Dwelving upon the project, Aslesha Thakur, Director, Education Empowerment, Educomp, said, 'With the belief that quality education is the right of every child, Project Gyana Shakti aims at unleashing the power of knowledge for the urban poor, who are otherwise vulnerable to exploitation. This pioneering programme proposes to impact quality of education in private budget schools in Hyderabad. We hope to transform these schools by implementingsystemic measures that include capacity building of teachers, working with school leaders, parent orientation programmes, classroom transactions and usage of technology.'
A preliminary study of the situation on the ground in Bangalore and Hyderabad revealed that teaching and learning is characterised by rote memorisation in most schools. 88 % of teachers used the chalk and talk method and 78 % lacked knowledge of appropriate pedagogical strategies. None of the schools used technology aided learning. Infrastructure was inadequate with dimly lit rooms and 45 to 50 students sitting on benches, 89 % schools lacked laboratories and a library. Space for sports facilities was minimal.
Based on the above scenario, the Foundation retained Educomp to
design Project Gyana Shakti with the goal of transforming private schools that cater to urban poor children. The INR 4.78 crore-project will be implemented for a period of three and a half years.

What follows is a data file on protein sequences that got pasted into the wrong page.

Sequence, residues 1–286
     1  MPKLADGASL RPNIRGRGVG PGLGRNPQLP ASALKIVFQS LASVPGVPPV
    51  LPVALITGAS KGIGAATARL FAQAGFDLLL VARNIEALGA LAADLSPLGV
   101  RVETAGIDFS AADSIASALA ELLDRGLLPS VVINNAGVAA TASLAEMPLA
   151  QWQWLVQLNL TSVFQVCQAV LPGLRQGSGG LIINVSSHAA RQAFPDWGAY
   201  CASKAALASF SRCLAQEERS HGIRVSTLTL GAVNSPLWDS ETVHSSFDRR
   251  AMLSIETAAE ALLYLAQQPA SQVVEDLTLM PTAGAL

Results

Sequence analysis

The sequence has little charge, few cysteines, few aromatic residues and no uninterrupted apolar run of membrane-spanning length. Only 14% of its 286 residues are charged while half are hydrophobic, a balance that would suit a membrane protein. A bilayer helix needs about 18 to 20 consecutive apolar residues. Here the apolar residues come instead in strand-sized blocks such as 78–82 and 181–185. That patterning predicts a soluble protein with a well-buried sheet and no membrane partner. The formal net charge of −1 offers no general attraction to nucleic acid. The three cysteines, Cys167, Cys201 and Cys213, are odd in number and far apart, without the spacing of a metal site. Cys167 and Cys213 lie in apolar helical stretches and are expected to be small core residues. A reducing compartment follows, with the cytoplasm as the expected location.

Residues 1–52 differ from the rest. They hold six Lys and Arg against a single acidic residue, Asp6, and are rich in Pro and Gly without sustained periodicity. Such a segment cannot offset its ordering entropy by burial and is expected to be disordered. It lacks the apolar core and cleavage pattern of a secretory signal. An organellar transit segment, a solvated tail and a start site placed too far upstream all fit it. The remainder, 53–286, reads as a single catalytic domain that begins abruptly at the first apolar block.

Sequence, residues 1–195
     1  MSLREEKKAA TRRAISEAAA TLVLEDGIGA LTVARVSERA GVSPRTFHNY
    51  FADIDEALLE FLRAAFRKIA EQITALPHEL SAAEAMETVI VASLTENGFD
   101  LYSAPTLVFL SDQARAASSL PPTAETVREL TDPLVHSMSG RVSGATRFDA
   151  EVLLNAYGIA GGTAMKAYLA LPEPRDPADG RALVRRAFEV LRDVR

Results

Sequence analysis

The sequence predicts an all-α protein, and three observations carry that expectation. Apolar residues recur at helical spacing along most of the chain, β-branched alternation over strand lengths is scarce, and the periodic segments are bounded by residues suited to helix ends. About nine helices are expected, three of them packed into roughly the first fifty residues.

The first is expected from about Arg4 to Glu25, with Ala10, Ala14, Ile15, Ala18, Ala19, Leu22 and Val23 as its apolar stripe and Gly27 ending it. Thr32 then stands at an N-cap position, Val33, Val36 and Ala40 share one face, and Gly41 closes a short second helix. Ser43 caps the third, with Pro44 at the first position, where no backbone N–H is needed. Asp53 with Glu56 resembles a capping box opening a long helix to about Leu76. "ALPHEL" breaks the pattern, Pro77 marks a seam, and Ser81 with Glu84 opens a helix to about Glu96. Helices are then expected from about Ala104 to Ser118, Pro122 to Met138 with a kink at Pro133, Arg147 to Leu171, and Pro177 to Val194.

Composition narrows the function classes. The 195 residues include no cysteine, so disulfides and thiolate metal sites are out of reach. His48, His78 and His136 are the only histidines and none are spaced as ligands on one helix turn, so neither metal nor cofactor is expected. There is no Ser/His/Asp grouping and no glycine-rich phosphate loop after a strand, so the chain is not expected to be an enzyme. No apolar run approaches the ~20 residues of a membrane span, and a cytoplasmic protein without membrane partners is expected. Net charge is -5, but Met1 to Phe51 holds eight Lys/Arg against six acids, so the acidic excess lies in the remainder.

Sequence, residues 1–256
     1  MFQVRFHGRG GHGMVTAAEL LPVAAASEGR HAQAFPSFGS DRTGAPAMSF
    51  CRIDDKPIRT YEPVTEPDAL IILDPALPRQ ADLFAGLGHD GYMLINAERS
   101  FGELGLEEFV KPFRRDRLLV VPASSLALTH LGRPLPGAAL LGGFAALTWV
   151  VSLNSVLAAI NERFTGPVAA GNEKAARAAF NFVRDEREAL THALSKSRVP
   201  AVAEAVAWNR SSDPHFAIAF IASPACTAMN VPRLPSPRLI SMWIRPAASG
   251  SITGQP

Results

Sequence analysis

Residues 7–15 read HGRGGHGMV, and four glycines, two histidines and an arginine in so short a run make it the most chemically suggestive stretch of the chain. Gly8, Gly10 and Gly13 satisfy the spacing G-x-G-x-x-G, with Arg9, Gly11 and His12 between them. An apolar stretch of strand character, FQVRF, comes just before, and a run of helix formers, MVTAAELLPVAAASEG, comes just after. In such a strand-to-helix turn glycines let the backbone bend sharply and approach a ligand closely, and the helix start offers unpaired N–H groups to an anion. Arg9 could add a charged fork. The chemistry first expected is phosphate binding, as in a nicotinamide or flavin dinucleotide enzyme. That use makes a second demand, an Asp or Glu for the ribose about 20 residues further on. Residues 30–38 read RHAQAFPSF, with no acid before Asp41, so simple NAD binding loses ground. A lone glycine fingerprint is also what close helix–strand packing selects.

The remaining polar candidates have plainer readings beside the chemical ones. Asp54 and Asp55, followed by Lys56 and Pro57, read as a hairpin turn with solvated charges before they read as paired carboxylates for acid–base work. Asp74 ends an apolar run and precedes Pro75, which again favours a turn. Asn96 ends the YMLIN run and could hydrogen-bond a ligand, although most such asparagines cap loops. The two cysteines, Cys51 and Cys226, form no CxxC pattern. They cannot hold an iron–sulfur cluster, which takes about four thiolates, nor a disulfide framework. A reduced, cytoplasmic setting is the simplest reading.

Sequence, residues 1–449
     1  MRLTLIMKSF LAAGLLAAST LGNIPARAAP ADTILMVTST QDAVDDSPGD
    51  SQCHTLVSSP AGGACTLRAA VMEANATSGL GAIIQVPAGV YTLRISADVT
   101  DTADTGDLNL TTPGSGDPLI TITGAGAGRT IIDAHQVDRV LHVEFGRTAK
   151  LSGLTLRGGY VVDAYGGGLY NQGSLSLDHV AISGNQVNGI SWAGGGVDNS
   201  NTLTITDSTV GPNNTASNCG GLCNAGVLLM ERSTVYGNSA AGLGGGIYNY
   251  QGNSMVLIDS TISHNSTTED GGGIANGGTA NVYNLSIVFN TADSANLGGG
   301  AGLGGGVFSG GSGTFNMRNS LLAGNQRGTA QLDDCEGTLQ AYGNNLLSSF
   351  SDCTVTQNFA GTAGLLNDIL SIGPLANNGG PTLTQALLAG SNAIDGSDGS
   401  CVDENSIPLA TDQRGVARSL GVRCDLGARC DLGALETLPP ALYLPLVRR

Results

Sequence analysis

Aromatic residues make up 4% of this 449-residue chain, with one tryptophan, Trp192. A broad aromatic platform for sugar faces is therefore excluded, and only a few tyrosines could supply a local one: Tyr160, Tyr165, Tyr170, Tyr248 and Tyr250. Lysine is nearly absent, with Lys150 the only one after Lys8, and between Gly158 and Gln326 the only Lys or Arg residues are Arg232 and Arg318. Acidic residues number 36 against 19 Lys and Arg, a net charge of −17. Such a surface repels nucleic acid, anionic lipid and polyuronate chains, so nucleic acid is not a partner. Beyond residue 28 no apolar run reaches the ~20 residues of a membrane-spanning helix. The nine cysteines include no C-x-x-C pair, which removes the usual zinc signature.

Educational interventions to be piloted at the selected six schools will blend the use of technology and pedagogy. Four of the selected six schools will be provided with technology education using Educomp's Smart Class technology.
Two of the technology enabled schools will also have the Smart Assessment System. Classrooms in these schools will bring together rich multimedia content along with formative assessment. SAS technology will be used for immediate assessment of learning.
A baseline survey to understand the competency level of students will be conducted by the non-governmental Education Quality Foundation of India (EQFI). A learning outcomes assessment will be done on the basis of grade-based competencies, testing students' understanding of concepts. This detailed, student-wise and school-wise feedback will be used to shape school improvement plans.
A whole school analysis to understand the present requirements will be conducted in these schools before the intervention. Based on the analysis, a school improvement plan will be formulated for each school based on its specific needs. Teachers will be given a customised in-service training to improve the teaching and learning process in their schools. The school managements will also undergo leadership programmes to develop the school vision and improve its governance.
Student performance enhancement being the key focus of the programme, intervention for students will be done through activity based learning and attractive worksheets. For the weak students, a remediation plan would be drawn up based on need gap analysis.
Armed with the data, information and other learnings from Project Gyana Shakti, the Foundation seeks to expand the knowledge base of 'what works' to improve educational outcomes for the large population of poor urban children attending private schools in India.